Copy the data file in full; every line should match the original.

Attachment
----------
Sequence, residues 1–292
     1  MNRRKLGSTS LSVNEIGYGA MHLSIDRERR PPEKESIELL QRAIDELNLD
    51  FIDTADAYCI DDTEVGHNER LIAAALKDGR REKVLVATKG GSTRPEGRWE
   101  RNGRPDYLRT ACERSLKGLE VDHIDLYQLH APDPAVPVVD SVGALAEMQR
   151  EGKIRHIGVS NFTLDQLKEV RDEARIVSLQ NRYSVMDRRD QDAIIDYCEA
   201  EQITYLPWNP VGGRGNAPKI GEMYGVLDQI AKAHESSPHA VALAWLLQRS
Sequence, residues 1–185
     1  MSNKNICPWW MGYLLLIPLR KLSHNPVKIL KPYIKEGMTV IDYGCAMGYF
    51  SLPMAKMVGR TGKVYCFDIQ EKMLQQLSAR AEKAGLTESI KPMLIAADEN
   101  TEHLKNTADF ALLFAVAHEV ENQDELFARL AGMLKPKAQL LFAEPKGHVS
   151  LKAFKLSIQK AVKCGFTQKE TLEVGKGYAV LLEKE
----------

Sequence, residues 1–292
     1  MNRRKLGSTS LSVNEIGYGA MHLSIDRERR PPEKESIELL QRAIDELNLD
    51  FIDTADAYCI DDTEVGHNER LIAAALKDGR REKVLVATKG GSTRPEGRWE
   101  RNGRPDYLRT ACERSLKGLE VDHIDLYQLH APDPAVPVVD SVGALAEMQR
   151  EGKIRHIGVS NFTLDQLKEV RDEARIVSLQ NRYSVMDRRD QDAIIDYCEA
   201  EQITYLPWNP VGGRGNAPKI GEMYGVLDQI AKAHESSPHA VALAWLLQRS
Sequence, residues 1–185
     1  MSNKNICPWW MGYLLLIPLR KLSHNPVKIL KPYIKEGMTV IDYGCAMGYF
    51  SLPMAKMVGR TGKVYCFDIQ EKMLQQLSAR AEKAGLTESI KPMLIAADEN
   101  TEHLKNTADF ALLFAVAHEV ENQDELFARL AGMLKPKAQL LFAEPKGHVS
   151  LKAFKLSIQK AVKCGFTQKE TLEVGKGYAV LLEKE